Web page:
9/30/2005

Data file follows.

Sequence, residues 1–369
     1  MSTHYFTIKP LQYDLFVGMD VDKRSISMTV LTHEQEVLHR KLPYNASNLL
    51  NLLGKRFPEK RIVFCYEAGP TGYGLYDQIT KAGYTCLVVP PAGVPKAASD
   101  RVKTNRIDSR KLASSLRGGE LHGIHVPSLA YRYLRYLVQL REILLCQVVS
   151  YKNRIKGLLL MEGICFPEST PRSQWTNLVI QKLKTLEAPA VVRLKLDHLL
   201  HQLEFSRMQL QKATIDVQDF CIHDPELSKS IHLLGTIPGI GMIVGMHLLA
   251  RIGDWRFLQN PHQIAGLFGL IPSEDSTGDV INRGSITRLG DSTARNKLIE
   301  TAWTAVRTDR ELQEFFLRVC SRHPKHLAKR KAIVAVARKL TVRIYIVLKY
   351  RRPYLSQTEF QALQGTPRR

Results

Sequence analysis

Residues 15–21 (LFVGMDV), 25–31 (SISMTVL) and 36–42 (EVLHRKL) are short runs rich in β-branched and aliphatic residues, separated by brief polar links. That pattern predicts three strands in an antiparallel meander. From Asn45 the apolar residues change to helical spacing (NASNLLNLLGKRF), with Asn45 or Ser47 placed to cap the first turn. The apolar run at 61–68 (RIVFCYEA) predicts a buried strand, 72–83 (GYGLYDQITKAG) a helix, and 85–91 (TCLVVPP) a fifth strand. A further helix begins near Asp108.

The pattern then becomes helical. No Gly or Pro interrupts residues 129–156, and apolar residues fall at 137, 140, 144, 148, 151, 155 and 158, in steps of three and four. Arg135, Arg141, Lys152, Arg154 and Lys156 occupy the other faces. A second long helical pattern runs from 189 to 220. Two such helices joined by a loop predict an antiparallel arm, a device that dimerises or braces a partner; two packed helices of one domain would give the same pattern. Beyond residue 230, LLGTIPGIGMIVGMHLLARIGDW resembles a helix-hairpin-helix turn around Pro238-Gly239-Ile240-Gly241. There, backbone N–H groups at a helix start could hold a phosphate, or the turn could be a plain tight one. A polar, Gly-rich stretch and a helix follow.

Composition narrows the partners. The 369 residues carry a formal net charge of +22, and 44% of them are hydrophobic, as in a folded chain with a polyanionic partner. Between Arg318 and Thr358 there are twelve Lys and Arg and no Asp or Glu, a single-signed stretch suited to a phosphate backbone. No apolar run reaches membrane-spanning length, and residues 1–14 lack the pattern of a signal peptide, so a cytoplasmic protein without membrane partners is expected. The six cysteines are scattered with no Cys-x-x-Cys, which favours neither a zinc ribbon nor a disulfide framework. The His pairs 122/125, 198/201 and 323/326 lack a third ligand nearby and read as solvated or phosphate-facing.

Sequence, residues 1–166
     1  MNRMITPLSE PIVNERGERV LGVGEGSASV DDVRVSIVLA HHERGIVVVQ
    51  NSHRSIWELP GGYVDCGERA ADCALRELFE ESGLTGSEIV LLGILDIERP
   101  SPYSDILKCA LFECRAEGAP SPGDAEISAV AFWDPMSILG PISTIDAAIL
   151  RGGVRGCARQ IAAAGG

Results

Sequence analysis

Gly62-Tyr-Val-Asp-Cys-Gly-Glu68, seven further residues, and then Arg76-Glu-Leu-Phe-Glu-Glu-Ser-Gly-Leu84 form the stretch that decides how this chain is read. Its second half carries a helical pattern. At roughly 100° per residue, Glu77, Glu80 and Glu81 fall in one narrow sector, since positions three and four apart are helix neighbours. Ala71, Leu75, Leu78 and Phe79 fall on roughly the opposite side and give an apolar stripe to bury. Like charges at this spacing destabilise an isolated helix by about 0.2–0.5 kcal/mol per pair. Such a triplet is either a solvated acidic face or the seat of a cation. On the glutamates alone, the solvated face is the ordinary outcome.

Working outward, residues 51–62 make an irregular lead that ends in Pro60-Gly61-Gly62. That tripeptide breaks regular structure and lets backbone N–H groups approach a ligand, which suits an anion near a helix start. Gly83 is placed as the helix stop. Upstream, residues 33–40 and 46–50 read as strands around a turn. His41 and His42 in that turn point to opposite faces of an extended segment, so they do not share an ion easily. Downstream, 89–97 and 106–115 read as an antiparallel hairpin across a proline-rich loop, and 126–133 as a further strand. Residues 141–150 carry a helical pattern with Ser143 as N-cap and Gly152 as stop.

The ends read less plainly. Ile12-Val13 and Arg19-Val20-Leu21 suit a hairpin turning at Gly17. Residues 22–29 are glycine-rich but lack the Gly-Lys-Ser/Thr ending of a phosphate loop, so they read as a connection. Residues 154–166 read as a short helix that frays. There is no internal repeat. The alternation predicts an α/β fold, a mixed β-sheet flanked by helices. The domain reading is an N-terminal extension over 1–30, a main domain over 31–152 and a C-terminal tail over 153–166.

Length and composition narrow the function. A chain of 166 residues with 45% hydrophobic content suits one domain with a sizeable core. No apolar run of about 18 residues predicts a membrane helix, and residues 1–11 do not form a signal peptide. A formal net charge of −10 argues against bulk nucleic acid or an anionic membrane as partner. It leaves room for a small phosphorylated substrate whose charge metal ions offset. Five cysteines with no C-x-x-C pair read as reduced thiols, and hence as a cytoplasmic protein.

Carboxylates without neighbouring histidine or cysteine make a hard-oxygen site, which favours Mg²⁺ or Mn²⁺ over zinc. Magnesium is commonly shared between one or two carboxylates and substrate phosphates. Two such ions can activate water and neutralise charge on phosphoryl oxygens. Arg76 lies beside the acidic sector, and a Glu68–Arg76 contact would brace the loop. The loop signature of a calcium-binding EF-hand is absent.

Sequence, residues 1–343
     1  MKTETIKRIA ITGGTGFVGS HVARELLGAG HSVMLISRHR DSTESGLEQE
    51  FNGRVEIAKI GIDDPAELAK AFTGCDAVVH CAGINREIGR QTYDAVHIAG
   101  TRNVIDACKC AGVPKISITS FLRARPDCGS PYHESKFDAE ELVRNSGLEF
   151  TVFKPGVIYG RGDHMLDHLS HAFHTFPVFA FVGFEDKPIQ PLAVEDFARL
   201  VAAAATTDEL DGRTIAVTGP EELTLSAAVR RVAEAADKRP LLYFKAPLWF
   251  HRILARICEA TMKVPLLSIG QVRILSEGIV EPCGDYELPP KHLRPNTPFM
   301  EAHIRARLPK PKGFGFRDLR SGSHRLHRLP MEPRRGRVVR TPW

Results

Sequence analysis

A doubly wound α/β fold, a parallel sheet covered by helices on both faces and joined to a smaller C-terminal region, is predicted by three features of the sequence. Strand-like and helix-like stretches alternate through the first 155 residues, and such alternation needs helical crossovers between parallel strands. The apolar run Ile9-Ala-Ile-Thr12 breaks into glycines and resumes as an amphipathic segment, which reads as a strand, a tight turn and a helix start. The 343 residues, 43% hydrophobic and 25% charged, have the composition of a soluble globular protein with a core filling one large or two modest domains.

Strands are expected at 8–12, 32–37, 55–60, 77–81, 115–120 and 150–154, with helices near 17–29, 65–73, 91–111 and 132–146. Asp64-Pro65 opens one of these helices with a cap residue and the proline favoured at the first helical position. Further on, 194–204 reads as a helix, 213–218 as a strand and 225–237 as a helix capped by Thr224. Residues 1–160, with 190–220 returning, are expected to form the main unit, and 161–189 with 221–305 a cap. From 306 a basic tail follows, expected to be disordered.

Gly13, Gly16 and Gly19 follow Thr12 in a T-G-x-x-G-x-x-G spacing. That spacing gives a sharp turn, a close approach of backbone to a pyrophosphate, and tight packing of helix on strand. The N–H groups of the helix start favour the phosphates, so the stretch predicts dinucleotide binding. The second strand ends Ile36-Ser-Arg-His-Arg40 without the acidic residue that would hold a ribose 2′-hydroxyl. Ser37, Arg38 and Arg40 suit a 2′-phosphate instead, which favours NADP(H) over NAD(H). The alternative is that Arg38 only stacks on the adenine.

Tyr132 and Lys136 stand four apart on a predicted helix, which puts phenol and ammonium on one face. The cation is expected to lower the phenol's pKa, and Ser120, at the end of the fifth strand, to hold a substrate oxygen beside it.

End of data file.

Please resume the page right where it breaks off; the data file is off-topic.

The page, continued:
Review: One Fine Day In The Middle Of The Night By Christopher Brookmyre